His 121 chapter 10 nationalism and sectionalism sp 14
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Era of Good Feelings; Economic Nationalism; Missouri Compromise

Era of Good Feelings; Economic Nationalism; Missouri Compromise

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  • Jefferson’s embargo forced Americans to look inward for the production of their finished goods. This led to the first American Industrial Revolution and a surge of economic growth. The charter for the first Bank of the United States ended in 1811 and was not immediately renewed. Without the financial control the central bank, economic turmoil ensued. To stabilize the economy, a second bank was chartered, which would last for 20 years.
  • To protect the fledgling American industrial sector from competing British imports, the Tariff of 1816 was enacted. The north, where most of the manufacturing base was located, was for it, and the south was against it. The agrarian economy of the south depended on shipping goods abroad to agents who sold them, purchased needed items, and shipped them back to America. Southerners were upset because they were forced to pay the import tax. The War of 1812 revealed several shortcomings of the United States. One of these was the transportation infrastructure. The first attempt to fix this problem was the construction of the Cumberland, or National, Road.
  • The internal improvements, the creation of an industrial infrastructure, and the stabilizing of the American economy after the War of 1812 has been the American System. It required a more active role of the federal government in the lives of the citizens. The first proponent of the American System was Henry Clay.
  • After the demise of the Federalist Party, the Democrat-Republicans remained as the only viable party. This period of one-party rule is known as the Era of Good Feelings. Continuing the Virginia dynasty of early American presidents, Monroe followed Madison in the White House. Monroe had served as secretary of state and secretary of war under Madison. After the conclusion of the War of 1812, the United States never fought another war with Great Britain; in fact, the two nations formed closed diplomatic ties. One of the first steps in this process was the Rush-Bagot Treaty of 1817, which ended the naval arms race on the Great Lakes. Both sides agreed to limit the number of warships in the lakes. The next effort was the Convention of 1818, which settled the northern limit of the Louisiana Territory at the 49th parallel.
  • The United States now stretched from the Atlantic Ocean to the Rocky Mountains; only Spanish America kept it from straddling the continent. However, Spain still controlled the territory of Florida and a narrow bit of land from its panhandle to the Mississippi River. This area was a lawless zone where bandits and Indians set up headquarters because U.S. officials could not legally cross the border. To combat hostile Seminoles on the Florida border, Jackson was dispatched with 2,000 troops. There he discovered two British spies, whom he summarily executed before continuing to pursue the Seminoles into Florida. At the same time, Secretary of State John Quincy Adams was negotiating with Spain to purchase the territory. He used Jackson’s exploits to strengthen his hand in obtaining Florida and establishing the western border of Louisiana.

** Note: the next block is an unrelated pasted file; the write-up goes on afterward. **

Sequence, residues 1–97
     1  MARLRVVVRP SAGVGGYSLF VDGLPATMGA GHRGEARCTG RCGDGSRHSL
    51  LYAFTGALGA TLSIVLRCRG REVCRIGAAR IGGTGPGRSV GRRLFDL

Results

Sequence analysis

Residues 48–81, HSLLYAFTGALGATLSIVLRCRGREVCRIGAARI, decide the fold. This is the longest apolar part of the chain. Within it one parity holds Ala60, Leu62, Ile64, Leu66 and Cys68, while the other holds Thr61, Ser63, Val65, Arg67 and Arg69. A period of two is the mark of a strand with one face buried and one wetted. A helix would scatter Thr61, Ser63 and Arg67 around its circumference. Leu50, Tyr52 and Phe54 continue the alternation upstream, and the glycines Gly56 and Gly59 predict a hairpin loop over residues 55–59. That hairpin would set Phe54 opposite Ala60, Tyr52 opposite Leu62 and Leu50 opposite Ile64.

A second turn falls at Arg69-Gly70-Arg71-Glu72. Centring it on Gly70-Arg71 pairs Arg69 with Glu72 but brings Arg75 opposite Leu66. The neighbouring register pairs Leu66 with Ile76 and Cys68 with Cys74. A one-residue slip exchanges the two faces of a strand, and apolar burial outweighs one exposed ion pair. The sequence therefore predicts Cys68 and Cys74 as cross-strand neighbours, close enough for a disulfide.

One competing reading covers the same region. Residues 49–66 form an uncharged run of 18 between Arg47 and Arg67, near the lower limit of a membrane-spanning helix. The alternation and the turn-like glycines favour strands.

• In 1819, Great Britain, still the chief importer of the South’s cotton, turned to its colony of India to obtain cheaper cotton. This revealed the fragility of the U.S. economic system. Although a depression did not occur, a panic most certainly did. After the Revolution, the United States followed an alternating pattern when admitting states into the union: one slave then one free state. When Missouri requested admittance, there were twenty-two states—eleven free, eleven slave. The Northwest Ordinance of 1787 had dictated that there were to be no slave states there, but no such policy existed for states formed from the Louisiana territory. Eventually, Missouri gained statehood and an agreement was reached that no more slave states would be allowed north of the 36⁰ 30’ line.
  • Chief Justice John Marshall extended the powers of the Supreme Court to provide a more nationalist role of the federal government in state affairs. In the landmark case Dartmouth College v. Woodward, Marshall’s decision removed the power of the states to modify contracts on a whim.
  • Continuing his diplomatic successes on land issues, John Quincy Adams completed a treaty with Russia in 1824 that defined the Oregon Territory’s southern boundary. During the French Revolution, Spain had ignored its Latin American colonies which had rebelled against their motherland. By 1823, when it became apparent that Europe was willing to go to war to retake these colonies, Monroe issued a statement, declaring that the New World was no longer open to colonization by Europe. The United States did not have the military power to back up the Monroe Doctrine, but Great Britain, who approved of the decision, did.